OUR SAY: Plastic bag ban is a win for the world and their bottom lines

WHILE supermarket giant Woolworths is selling its plan to phase out single-use plastic bags as an important step for the environment, it is also a significant commercial move.

No one could be genuinely expected to believe that cold hard cash has not played a part in this decision.

In announcing the phase-out on Friday, Woolworths group CEO Brad Banducci said his company was currently giving away more than three billion plastic bags every year.

“Today’s commitment shows we are committed to taking our environmental and community responsibilities seriously,” Mr Banducci said.

“Whilst we know this is a major decision, we will work very closely with all of our store teams to ensure the transition for our customers is as simple as possible.”

However, not only are those three billion bags a potential disaster for the environment and local waterways, they are also a significant slug on the Woolworths bottom line.

When we posted the story on the Central Western Daily Facebook page on Friday we naturally attracted a range of views the issue which reflected both those realities.

So while many readers applauded Woolworths’ move and indicated the ban could not start soon enough, many more saw it as a much more cynical exercise.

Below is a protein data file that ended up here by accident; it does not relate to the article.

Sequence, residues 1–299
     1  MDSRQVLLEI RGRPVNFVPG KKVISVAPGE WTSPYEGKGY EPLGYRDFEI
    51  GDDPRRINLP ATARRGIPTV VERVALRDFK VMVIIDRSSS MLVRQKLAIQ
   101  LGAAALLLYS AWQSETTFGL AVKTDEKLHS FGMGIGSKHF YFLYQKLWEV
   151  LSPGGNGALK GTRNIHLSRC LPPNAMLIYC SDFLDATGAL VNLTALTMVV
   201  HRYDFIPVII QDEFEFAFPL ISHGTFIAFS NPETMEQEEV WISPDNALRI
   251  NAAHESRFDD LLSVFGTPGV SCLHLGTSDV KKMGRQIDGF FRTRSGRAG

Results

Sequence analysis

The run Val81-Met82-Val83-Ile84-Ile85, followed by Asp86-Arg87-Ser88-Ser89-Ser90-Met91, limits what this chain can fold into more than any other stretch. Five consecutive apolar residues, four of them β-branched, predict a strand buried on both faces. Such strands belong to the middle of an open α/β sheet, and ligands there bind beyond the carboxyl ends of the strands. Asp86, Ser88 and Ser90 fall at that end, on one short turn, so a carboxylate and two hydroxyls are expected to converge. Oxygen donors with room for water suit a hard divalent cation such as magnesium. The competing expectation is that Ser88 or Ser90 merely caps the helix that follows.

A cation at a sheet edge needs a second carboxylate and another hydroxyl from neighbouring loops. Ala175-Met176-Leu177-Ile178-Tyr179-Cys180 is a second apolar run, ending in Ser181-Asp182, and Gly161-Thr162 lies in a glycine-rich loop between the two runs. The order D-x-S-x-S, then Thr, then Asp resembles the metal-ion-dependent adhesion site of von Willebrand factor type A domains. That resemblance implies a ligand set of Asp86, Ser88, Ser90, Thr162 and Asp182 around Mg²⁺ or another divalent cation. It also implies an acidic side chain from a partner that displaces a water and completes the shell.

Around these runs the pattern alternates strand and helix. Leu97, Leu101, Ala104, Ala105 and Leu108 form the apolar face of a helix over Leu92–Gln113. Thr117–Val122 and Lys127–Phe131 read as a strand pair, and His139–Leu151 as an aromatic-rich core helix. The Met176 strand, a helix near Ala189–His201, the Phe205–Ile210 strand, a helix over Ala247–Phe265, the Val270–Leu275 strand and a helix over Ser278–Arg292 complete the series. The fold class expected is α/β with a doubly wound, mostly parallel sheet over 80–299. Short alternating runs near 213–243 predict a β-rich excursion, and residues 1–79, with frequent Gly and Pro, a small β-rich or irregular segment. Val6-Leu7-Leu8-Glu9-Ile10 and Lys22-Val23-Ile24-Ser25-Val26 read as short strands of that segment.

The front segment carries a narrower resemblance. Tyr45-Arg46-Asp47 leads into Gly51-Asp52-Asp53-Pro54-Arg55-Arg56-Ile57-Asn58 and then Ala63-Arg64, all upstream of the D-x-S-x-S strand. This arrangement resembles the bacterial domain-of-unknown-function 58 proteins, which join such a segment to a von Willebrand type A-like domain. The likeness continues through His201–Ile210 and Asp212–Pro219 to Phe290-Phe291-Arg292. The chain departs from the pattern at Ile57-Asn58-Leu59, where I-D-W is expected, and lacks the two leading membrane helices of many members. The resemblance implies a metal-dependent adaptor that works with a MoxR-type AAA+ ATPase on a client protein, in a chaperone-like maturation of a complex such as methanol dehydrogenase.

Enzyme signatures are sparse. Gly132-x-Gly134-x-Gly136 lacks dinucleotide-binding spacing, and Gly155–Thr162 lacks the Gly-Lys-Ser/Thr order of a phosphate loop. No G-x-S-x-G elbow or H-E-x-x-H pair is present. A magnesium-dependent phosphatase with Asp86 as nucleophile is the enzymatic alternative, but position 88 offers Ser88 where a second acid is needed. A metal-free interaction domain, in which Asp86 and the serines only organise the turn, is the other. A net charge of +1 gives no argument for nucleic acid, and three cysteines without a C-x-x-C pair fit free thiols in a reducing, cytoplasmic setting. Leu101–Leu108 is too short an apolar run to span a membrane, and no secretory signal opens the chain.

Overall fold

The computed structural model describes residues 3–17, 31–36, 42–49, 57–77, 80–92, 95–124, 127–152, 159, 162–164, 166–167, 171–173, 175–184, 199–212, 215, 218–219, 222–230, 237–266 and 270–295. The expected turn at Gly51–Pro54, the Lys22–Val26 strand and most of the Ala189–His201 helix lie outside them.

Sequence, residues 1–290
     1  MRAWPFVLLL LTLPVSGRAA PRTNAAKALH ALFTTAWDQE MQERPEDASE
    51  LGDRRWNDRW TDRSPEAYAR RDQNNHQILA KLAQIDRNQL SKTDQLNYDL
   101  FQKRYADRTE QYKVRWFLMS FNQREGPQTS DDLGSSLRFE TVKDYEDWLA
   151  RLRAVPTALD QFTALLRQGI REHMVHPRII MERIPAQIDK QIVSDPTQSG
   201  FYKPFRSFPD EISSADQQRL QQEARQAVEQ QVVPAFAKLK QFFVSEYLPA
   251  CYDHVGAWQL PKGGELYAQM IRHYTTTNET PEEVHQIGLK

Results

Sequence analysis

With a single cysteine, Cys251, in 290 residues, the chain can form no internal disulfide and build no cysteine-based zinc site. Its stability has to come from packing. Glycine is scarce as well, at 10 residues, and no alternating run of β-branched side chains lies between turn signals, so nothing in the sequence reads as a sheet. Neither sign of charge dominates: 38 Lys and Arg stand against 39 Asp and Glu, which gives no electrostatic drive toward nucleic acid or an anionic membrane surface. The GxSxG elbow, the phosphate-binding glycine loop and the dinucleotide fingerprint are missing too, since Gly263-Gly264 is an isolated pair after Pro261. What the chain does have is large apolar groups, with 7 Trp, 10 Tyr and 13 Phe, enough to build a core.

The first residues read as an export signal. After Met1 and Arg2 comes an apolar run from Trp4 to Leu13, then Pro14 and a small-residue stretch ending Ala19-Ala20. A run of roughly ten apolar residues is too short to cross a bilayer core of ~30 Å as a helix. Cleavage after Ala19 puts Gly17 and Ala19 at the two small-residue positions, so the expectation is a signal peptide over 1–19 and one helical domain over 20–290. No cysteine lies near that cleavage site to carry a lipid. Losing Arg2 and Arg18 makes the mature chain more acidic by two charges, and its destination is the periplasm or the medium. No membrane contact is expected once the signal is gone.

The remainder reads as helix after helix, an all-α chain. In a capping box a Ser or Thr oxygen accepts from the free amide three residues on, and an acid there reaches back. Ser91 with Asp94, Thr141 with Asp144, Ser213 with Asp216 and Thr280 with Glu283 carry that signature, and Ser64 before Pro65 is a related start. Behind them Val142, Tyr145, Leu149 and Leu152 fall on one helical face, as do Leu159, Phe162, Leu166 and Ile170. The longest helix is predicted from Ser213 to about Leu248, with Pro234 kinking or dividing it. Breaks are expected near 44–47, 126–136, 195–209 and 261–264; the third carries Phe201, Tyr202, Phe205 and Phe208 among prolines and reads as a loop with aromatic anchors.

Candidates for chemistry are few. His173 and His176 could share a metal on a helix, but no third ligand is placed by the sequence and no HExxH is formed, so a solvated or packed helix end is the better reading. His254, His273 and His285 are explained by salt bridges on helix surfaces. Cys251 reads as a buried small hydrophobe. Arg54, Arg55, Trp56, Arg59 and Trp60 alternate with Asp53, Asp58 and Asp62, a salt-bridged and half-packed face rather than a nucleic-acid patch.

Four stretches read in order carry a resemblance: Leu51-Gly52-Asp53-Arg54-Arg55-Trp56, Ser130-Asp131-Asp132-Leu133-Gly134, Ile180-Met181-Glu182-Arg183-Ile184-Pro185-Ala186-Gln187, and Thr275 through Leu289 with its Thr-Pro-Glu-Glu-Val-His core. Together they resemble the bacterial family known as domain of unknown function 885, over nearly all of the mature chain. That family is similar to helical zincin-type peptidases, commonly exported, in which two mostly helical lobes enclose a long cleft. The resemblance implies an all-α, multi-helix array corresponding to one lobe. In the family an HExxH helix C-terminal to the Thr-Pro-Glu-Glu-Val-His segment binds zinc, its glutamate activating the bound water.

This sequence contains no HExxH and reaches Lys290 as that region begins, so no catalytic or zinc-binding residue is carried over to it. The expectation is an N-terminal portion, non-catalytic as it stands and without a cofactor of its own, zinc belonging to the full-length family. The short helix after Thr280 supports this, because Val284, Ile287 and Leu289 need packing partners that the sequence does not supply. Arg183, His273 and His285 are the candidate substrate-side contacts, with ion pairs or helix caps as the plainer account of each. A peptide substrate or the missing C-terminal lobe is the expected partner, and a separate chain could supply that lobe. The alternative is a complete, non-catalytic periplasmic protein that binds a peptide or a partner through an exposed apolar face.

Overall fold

But Woolworths always knew that any outcry over the bag phase-out would likely to be short-lived.

It was only ever a matter of time until Woolworths’ biggest rival, Coles, announced a similar ban. In the end, it took just a few hours.

That announcement eliminated any risk of Woolworths losing customers over the bag phase-out while also letting them take the moral high ground as the first to make the move. 

The supermarket giants’ next biggest rival, Aldi, has never given out plastic bags, a fact that has become a key part of their corporate identity.

It is a matter of pride for regular Aldi customers to drive around with a boot full of reusable shopping bags an such a sight is soon to become the norm rather than the exception.

Just as Aldi shoppers have learnt to come to the supermarket prepared, though, so too will Coles and Woolworths shoppers quickly adapt.

It’s a small price to pay.